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A tetracycline specific-screening assay for residue analysis in honey and raw milk using the surface plasmon resonance (SPR) technology is described. For this purpose the principle of the most frequent bacterial resistance mechanism against tetracycline in gram negative bacteria was utilized as guide for method development. The synthesis of a tetracycline efflux protein is regulated by the repressor protein TetR, which normally bound to a short DNA sequence representing the tetracycline operator tetO. When tetracycline enters a resistant bacterial cell, it induces a conformational change of the TetR protein and its release from the tetO DNA sequence with succeeding synthesis of the efflux protein.

Three different assay formats based on TetR and tetO were compared. In the direct assay TetR was immobilised on a sensor chip and tetracycline was injected over the chip surface to be bound to the protein. The mass bound to the chip is directly correlated to signal height. Correspondingly, this format showed a rather poor sensitivity due to the low molecular weight of tetracycline. Therefore an alternative assay format was developed with immobilising tetO onto the sensor chip. The repressor TetR was added to the sample prior to SPR analysis. Within absence of tetracyclines, TetR was able to couple to tetO and caused an SPR signal. Correlated to the amount of tetracyclines being present in the sample, the association of TetR and tetO was partially or fully blocked. In a third assay format, the first step was to load TetR to the chip-bound tetO. TetR was then released when injecting a tetracycline containing solution over the chip. This format using the molecular mass protein for indirect detection of tetracycline resulting in the highest test sensitivity and was used for further studies.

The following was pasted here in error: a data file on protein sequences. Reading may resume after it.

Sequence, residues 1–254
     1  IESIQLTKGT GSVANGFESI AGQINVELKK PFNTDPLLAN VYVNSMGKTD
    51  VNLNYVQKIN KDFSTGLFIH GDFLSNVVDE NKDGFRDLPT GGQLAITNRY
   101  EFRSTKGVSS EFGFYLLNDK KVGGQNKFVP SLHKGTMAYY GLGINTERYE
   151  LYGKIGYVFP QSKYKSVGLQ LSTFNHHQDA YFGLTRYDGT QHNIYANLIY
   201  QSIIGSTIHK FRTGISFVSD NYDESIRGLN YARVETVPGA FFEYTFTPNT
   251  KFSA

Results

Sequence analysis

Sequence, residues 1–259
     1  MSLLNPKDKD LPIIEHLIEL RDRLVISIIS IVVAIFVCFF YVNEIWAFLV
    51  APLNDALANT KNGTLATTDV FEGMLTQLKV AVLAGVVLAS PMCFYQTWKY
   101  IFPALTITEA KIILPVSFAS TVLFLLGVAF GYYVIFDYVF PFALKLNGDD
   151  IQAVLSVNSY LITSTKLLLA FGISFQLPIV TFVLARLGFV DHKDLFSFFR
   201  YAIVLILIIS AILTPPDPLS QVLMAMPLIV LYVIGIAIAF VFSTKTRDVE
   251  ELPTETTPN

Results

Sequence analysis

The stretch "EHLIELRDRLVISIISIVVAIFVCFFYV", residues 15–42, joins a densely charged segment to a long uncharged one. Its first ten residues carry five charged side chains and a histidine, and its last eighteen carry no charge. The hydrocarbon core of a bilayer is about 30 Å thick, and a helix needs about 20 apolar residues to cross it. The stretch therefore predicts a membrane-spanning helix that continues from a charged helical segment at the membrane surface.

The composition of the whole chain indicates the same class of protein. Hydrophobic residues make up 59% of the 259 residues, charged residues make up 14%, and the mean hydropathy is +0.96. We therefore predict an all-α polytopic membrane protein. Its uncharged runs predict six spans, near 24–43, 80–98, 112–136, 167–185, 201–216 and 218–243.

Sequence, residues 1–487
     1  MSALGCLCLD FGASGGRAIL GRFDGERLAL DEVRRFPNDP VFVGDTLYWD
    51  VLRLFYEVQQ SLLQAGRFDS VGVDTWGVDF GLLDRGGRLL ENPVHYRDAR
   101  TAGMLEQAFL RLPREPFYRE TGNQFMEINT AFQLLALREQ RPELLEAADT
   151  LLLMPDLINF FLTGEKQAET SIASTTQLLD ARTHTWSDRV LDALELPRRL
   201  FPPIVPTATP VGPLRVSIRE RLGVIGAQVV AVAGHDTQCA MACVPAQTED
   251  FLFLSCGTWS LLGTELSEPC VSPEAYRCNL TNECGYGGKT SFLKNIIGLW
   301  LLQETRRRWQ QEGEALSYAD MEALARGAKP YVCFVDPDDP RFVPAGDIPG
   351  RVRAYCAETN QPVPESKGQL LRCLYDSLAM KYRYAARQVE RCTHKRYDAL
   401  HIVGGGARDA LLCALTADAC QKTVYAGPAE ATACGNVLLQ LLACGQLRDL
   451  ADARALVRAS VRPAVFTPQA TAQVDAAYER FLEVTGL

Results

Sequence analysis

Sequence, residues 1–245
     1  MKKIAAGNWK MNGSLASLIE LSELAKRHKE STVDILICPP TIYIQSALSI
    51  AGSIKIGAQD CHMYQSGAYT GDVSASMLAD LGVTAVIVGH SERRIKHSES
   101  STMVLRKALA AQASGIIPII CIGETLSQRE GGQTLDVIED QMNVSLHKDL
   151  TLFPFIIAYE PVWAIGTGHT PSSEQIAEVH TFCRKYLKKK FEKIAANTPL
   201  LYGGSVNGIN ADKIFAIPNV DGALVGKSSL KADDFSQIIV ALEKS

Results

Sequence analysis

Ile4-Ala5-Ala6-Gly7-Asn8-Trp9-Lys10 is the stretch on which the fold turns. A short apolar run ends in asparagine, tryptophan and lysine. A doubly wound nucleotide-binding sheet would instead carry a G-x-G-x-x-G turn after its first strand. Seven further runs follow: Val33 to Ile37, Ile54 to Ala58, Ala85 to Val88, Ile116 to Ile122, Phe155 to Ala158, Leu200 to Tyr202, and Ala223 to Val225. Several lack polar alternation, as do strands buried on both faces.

Several TetR variants - BD, S135L, V113A, P184Q and scTetR – were expressed as recombinant proteins and purified over ion-exchange and gel filtration chromatography. The variants were compared with respect to their assay sensitivity and cross reactivity for tetracycline, oxytetracycline, chlortetracycline and doxycycline. BD and S135L showed the best sensitivity while V113A exhibited a uniform cross reactivity for all tetracyclines. BD was chosen for the development of the tetracycline-specific SPR assay. Since the use of tetracycline in honey production is not approved by the European Union, residue analytical methods should be as sensitive as possible to identify non-compliant samples. Test optimations therefore aimed at high sensitivity.

The analysis of tetracyclines in honey was possible after diluting the samples 1 to 10 with buffer. No differences between raw honey and blended commercial honeys were observed. The analysis of 20 different honey samples showed a high variation between the individual blanks leading to a limit of detection (LOD) of 14 µg/kg tetracycline in honey, when applying the mean of blank honey signals plus 3 times standard deviation for calculating the LOD.

In order to reduce the matrix effects of raw milk, the samples had to be defatted, diluted 1 to 5 with buffer and heated for a short time prior SPR analysis. Applying this sample preparation the limit of detection could be estimated within 31 µg/kg. This was sufficient to use the assay as a routine screening method for tetracycline residues in milk to survey the maximum residue limit of 100 µg/kg.

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